In the 1987 article, Trump suggests severe sanctions to force countries to give up nuclear plans. North Korea has been sanctioned, and its nuclear program continues. Sanctions on Iran brought it to the negotiating table, but those sanctions were coordinated among many more countries than the United States and Russia. Coordinating meaningful sanctions against several other countries would be extremely difficult. In any case, the Soviet Union broke up four years after that interview.
Continuing Trump themes are his brilliance at negotiation and his desire for secrecy and unpredictability, along with an undercurrent of wanting to make his secrets public for his glorification. The 1987 article illustrates them, as do the other articles Kendzior cites.
Trump is consistent on an emotional level, and his strategies seem to be closely tied to his emotions, so perhaps he still is thinking of his 1987 nonproliferation plan. But many things have changed since 1987, not least that the Soviet Union is gone. Even Rosenblatt recognizes that Trump inflates his claims, for example that he was advising the government on how to negotiate with Russia.
For Putin and Trump to collaborate on bullying the rest of the world into nuclear nonproliferation, Putin must find that collaboration in his interests. Yes, Putin seems to have interfered in the US election on Trump’s side and has said a few minimally nice things about Trump. Trump claims he has been talking to Putin through the transition, but this could be another of Trump’s lies.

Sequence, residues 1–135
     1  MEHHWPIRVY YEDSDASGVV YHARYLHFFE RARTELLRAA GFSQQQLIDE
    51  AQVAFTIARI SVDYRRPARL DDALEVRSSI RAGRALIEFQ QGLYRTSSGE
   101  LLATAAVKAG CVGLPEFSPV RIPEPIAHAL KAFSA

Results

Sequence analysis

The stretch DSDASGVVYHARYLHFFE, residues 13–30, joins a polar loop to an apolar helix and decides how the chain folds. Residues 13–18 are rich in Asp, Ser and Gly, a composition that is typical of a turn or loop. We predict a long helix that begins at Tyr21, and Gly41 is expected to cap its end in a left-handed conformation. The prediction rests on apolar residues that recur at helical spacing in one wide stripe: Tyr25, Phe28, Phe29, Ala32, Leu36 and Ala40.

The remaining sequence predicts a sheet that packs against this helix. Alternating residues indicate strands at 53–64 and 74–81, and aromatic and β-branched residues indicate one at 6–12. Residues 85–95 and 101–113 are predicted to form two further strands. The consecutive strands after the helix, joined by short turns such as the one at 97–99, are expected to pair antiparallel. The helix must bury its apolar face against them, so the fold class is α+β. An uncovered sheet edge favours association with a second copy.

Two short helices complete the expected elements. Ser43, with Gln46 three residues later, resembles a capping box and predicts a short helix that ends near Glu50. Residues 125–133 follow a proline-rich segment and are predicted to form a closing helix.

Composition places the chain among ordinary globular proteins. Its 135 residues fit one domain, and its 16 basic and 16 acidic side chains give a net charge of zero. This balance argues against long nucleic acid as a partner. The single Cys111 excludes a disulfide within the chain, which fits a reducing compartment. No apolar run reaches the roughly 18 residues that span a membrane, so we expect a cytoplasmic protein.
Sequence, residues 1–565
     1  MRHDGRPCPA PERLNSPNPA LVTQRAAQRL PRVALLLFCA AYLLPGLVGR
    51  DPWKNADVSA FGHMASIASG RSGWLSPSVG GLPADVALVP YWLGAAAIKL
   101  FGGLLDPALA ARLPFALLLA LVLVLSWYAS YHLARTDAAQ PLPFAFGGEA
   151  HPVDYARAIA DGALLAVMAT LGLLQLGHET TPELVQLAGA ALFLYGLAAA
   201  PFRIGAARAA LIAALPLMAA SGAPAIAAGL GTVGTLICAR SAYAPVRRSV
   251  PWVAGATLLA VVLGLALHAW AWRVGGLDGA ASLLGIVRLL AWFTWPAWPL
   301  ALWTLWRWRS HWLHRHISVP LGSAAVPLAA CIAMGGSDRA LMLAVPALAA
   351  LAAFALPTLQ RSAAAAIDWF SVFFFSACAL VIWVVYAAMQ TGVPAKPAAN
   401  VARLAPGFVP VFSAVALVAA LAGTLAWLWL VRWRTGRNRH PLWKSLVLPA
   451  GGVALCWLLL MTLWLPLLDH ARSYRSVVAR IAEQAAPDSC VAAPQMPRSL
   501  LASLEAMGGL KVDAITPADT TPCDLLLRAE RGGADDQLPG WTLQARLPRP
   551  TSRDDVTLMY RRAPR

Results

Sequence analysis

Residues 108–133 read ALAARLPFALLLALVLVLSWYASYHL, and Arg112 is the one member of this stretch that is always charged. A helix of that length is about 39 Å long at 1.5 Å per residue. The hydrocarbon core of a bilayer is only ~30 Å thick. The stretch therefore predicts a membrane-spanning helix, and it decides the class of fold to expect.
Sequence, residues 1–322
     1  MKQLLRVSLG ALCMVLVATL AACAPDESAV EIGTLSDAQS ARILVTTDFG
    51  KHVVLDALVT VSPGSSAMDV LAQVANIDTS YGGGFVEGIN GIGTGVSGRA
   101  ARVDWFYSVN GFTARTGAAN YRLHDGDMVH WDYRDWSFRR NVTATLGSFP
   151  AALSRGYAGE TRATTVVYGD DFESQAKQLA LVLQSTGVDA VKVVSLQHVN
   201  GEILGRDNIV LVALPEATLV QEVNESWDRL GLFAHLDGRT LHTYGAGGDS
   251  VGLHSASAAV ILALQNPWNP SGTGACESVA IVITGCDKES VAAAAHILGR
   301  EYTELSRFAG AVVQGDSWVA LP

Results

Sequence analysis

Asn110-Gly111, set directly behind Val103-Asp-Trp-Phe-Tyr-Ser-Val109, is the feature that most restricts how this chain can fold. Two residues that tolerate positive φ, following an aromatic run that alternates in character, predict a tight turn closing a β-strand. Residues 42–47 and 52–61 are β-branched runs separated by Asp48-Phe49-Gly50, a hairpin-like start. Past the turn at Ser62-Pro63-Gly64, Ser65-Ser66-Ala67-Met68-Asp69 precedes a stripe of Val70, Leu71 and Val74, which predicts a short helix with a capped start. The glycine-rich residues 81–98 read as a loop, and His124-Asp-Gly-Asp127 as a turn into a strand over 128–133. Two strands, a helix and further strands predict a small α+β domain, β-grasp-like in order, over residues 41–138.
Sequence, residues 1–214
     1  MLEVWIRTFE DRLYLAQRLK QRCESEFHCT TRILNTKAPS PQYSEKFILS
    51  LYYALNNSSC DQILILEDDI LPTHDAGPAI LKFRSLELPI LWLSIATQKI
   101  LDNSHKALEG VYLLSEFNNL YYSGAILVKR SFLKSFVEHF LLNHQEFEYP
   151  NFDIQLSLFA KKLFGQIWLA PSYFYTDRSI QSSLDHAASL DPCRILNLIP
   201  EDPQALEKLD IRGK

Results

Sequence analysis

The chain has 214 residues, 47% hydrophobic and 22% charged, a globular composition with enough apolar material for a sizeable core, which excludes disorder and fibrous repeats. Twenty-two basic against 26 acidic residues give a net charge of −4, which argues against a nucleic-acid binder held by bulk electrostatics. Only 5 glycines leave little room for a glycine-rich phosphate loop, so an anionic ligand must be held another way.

Trump’s opacity of intentions and unpredictable behavior make him a poor partner for anyone, and Putin values predictability in his allies. Putin knows that the Nuclear Nonproliferation Treaty keeps proliferation down. Although North Korea’s nuclear weapons are undesirable for Russia, they are less of a problem there than they are for the United States because Kim Jong Un sees the United States as more of an enemy than Russia. Whatever ambitions Iran has for nuclear weapons have been fettered by the seven-party agreement. Putin knows that India, Pakistan, and Israel are not going to give up their nukes, nor does he see major sanctions against them as worth his attention. So there is little value for him in a side agreement with Trump that will require additional effort.
A single interview from thirty years ago is not evidence for Trump’s thinking today. There is no evidence that Putin has any interest in such an alliance and a good argument that it has no value for him. Trump’s bloviations can be interpreted in a great many ways; this is his true danger. We know little about how he is likely to govern and what policies he may favor, whether he has any ability to put those policies into effect.
Update: Jeet Heer has some thoughts on the subject, although it seems to me that he gives Trump more credit for consistency and a program than I am willing to.
The map at top is from a 2006 NPR article. Since then, North Korea has shown that it knows how to make nuclear detonations and may have a small (ten or fewer) nuclear stockpile.
I am going out of my way these days to avoid using photos of Donald Trump. Just can’t stomach them.